Posted by Eileen O'Brien | 3:05 pm on Wednesday January 26, 2011 |
The issue of regulation has huge implications for innovation in this space.
Part of the transformation of health care is the new technology that allows smartphones to be used for diagnosis and tracking medical concerns. These mobile apps do everything from monitoring heart beats to managing glucose levels. There were more than 7,000 health-related apps for the iPhone in September 2010 according to a MobiHealthNews study. With the popularity of the iPad these numbers are sure to grow.
However, it’s important to realize that any programmer can develop a health app. Apple puts the responsibility of following regulatory guidance on developers. So when do these apps (and the smartphone or tablet itself) become considered medical devices requiring monitoring by the U.S. Food and Drug Administration (FDA)?
The FDA defines a medical device broadly on their website and have a variety of classifications: “Medical devices range from simple tongue depressors and bedpans to complex programmable pacemakers with micro-chip technology and laser surgical devices.” As we’ve seen with pharmaceutical advertising and promotion, the existing FDA guidelines fail to address the unique issues that arise with new technology. The issue of regulation has huge implications for innovation in this space.
Posted by Eileen O'Brien | 3:24 pm on Thursday January 20, 2011 |
One doctor diagnosed me with bad luck
The New York Times recently published an interactive feature with photos and audio of rare disease patients telling their stories. These individuals all have different disorders, yet similar themes emerged in their stories. The themes are also consistent with what we’ve learned at Siren in our work with rare disease patients. Below I’ve pulled some key quotes from the interviews, but I recommend listening to them in full. Please note that since many rare disease patients are children, that these insights may also apply to their caregivers, family and friends.
Rare Disease Patients Feel Alone and Isolated
Rare disease patients feel very isolated and, not surprisingly, seek a connection with others like them. As Wayne Brown, who has acromegaly, said: “The most difficult part of dealing with a rare disease is the loneliness… Knowing other people with the disease is the greatest thing a patient with a rare disease can have.”
Posted by Eileen O'Brien | 1:49 pm on Thursday January 13, 2011 |
Pharmaceutical companies have also partnered with nonprofits to improve reputation.
In 2010, consumers cast 61 million votes in the Pepsi Refresh Project. To put that into perspective, there were approximately 89 million votes in the U.S. general election. The Project allows consumers to apply for grants online and the ideas with the most votes each month get funded. Coincidentally, in January there are three rare disease nonprofits in the Pepsi Refresh Project that deserve your vote: National Organization for Rare Disorders (NORD), Jacob’s Cure and Cure San Filippo.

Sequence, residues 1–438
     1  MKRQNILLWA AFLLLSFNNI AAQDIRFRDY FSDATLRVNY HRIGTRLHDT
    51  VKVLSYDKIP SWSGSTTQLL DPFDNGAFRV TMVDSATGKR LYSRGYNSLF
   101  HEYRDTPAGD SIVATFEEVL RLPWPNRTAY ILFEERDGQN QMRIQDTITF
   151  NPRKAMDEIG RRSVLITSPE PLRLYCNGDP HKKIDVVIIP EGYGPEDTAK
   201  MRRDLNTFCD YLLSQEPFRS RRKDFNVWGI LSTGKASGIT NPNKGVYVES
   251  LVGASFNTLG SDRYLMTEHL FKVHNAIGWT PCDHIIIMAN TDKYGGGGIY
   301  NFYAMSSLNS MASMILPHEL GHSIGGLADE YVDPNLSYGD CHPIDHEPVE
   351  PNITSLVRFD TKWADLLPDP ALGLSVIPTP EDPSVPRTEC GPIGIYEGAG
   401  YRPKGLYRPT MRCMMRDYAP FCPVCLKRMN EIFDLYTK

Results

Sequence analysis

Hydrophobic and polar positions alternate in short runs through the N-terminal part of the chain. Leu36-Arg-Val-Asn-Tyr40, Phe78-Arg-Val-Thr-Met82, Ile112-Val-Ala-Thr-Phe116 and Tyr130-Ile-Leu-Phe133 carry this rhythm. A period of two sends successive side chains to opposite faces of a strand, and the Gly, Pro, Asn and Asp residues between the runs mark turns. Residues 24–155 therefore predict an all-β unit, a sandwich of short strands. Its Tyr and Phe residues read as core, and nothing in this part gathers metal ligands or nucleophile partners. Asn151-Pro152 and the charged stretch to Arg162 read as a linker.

Cause Marketing is Effective
The 2010 Cone Cause Evolution Study found that 41% of Americans said they have purchased a product in the past year because it was associated with a social or environmental cause, a two-fold increase since Cone first began measuring in 1993.
The survey found when a company supports a cause:
• 61% of Americans say they would be willing to try a new brand or one unfamiliar to them.
• Nearly one-in-five consumers (19%) would be willing to purchase a more expensive brand.
Posted by Eileen O'Brien | 5:43 pm on Friday January 07, 2011 |
During each chat I typically learn a new thing and have at least one laugh
I’m proud to say it’s been a year since the first pharmaceutical marketing and social media tweetchat, #SocPharm. The #SocPharm tweetchat (online conversations related to a specific area of interest) takes place every Wednesday from 8 to 9 pm EST. Read more about tweetchats and hashtags.
The goal of the chat was to get people talking about the use of interactive tools, and social media in particular, for pharmaceutical/biotech marketing. I hoped that we’d have interesting discussions on best practices, share ideas and learn from each other. And we’ve definitely accomplished that, as you can see in the #SocPharm transcripts. During each chat I typically learn a new thing and have at least one laugh. What’s great is that not only do we have industry people talking, we also occasionally get patients, doctors and nurses joining in.
We experimented with a live #SocPharm tweetchat at the Digital Pharma East conference. While it was fascinating to be in the room, I’m not sure the people via Twitter had the same experience. It was definitely challenging to live tweet, read the tweetstream and talk into a microphone at the same time!